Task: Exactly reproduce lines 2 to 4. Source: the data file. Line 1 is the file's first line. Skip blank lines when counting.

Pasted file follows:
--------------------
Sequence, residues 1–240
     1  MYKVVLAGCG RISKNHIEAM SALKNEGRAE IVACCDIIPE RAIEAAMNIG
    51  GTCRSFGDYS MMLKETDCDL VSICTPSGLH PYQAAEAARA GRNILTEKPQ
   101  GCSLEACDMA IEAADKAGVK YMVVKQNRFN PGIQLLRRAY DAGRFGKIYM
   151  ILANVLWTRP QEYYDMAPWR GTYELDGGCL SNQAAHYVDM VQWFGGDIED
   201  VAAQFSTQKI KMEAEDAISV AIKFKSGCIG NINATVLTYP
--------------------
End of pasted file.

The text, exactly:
     1  MYKVVLAGCG RISKNHIEAM SALKNEGRAE IVACCDIIPE RAIEAAMNIG
    51  GTCRSFGDYS MMLKETDCDL VSICTPSGLH PYQAAEAARA GRNILTEKPQ
   101  GCSLEACDMA IEAADKAGVK YMVVKQNRFN PGIQLLRRAY DAGRFGKIYM